Following a judge’s ruling that Apple must allow developers to connect to external payment systems in their iOS apps in its lawsuit with Epic Games, an appeals court has allowed Apple to delay the change until he is fully able to hear the case.
In September – following a lengthy legal battle stemming from Apple’s decision to remove Fortnite from its App Store after Epic violated App Store guidelines by deliberately bypassing iOS’s built-in payment mechanisms – California judge Gonzalez Rogers has spoken out against all but one of Epic’s legal challenges. .
Gonzalez Rogers proclaimed that Apple was free to control its own platform’s payment system – because Epic had failed to prove that the iPhone maker had a monopoly as defined by antitrust laws – but also decided that Apple could not prevent developers from signing in to alternative payment methods from within their apps, or prevent developers from notifying customers of alternative payment methods using contact information voluntarily provided for this purpose, because this would constitute “anti-competitive behavior” under state law.
The ruling was originally scheduled to be implemented from December 9, but Apple asked the district court to delay the implementation date until all appeals in the Epic v. Apple be resolved. However, Gonzalez Rogers denied the claim, saying “Apple’s motion is based on a selective reading of the findings of this Court and ignores all of the findings that supported the injunction.”
Following this initial failure, Apple took its claim to the Court of Appeal, which has now (thanks, The Verge) granted the stay, allowing the company to continue to insist that developers use the purchasing system exclusively. built-in iOS. Importantly, this does not undo Gonzalez Rogers’ initial decision; it simply allows Apple to delay its implementation until the appeals court can fully hear the case – a process which, as The Verge notes, will likely take months.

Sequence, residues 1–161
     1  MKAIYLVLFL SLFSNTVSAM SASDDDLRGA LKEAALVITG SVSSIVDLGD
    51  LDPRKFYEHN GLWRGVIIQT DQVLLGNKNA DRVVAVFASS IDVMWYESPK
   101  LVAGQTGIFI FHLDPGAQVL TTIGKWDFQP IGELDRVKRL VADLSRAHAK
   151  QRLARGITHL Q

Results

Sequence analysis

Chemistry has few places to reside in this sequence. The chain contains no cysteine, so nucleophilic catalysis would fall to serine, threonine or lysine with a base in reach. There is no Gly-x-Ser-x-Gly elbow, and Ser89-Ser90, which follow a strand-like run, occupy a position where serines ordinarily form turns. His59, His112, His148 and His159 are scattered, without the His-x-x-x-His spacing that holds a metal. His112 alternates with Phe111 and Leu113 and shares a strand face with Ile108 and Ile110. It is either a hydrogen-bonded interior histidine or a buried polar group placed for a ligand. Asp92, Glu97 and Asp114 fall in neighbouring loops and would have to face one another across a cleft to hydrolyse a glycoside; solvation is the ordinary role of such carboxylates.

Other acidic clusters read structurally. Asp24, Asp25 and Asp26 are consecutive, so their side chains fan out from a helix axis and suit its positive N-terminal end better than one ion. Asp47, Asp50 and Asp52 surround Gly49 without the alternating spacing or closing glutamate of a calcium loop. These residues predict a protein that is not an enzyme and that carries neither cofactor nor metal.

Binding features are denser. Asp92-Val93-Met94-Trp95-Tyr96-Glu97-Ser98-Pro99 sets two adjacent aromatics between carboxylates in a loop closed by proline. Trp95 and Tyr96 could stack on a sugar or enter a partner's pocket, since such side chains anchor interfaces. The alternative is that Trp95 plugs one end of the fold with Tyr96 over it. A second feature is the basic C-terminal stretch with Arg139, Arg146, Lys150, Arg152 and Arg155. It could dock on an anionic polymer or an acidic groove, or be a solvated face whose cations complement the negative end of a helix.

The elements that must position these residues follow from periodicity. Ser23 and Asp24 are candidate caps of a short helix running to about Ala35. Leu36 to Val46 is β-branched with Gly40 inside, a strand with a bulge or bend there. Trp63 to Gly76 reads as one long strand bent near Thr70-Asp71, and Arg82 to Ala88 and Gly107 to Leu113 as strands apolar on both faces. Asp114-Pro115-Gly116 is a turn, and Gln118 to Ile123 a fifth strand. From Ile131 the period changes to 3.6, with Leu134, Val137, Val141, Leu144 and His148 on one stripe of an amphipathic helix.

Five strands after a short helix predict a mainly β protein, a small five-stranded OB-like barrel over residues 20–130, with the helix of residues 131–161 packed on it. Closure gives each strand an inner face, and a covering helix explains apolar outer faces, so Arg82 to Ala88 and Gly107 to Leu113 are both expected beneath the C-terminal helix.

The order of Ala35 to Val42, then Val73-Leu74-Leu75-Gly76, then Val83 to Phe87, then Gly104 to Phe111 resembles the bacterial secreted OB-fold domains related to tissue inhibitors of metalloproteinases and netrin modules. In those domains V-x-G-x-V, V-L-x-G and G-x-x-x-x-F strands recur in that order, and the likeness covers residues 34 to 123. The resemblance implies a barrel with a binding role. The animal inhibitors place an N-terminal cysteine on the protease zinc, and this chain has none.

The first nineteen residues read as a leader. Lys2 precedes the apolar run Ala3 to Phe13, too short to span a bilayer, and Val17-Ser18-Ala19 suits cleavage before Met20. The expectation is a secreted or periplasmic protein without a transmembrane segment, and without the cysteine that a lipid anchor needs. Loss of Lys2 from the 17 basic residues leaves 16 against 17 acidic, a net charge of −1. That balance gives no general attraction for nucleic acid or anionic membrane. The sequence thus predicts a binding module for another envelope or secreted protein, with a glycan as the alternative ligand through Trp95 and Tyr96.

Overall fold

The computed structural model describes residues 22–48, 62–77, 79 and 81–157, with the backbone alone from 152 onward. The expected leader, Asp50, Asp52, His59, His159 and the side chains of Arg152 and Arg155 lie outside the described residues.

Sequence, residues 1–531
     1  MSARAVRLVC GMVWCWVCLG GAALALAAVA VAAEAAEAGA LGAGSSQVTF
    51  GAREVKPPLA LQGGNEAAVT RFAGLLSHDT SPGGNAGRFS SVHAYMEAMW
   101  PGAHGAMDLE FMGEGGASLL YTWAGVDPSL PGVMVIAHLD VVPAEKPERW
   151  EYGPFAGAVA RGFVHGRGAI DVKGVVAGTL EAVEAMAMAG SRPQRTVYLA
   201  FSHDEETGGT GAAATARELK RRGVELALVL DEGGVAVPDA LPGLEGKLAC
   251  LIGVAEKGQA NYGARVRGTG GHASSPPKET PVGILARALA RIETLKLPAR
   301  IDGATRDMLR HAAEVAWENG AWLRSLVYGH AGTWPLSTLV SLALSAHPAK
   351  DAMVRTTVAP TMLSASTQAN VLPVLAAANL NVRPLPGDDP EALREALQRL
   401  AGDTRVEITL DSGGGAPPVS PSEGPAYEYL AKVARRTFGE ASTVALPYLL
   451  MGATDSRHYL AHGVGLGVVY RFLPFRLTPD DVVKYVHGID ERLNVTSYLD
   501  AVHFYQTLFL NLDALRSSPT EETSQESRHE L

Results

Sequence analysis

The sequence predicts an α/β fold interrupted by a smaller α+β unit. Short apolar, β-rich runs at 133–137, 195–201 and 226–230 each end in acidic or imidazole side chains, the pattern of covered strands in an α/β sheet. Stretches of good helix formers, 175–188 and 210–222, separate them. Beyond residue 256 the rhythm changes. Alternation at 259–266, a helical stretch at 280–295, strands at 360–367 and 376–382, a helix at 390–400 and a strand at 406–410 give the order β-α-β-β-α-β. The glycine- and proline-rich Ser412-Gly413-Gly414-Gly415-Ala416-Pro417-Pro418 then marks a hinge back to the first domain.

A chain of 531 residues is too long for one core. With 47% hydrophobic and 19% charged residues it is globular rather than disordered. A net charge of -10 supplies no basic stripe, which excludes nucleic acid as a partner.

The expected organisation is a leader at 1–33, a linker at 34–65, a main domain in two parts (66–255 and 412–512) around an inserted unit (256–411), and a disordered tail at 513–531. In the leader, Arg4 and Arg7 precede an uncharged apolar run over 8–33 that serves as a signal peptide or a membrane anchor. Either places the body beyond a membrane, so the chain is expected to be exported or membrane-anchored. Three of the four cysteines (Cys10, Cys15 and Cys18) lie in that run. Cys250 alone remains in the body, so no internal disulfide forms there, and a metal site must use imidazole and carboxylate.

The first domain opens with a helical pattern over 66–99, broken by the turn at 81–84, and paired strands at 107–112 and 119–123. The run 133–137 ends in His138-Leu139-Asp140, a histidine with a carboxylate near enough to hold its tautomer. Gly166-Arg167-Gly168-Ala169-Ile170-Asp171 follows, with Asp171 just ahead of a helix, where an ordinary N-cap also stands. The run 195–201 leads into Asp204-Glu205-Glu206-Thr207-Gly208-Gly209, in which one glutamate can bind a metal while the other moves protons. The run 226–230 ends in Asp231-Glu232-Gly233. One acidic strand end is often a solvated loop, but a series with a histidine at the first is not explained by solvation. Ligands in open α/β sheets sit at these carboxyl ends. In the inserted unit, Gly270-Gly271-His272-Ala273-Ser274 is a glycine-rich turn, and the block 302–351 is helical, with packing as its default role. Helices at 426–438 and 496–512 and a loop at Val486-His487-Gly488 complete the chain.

“Apple has shown, at a minimum, that its appeal raises serious questions about the merits of the district court’s decision,” said the appeal court’s decision. “Therefore, we grant Apple’s motion to stay part (i) of subsection (1) of the permanent injunction. The stay will remain in effect until the warrant is issued in this appeal.”
However, the second part of Gonzalez Rogers’ decision ordering Apple to allow developers to communicate alternative payment methods with customers is unaffected by the appeals court ruling and is yet to unfold. as expected.
Following the September ruling, Epic appealed the outcome, claiming that the initial judgment “[wasn’t] a win for developers or consumers. ”At the same time, Epic began asking Apple to allow Fortnite to return to the App Store – a request Apple refused, citing“ Epic’s deceptive conduct in the past. ”He added that he would not reconsider this decision until“ the judgment of the district court becomes final and without appeal ”.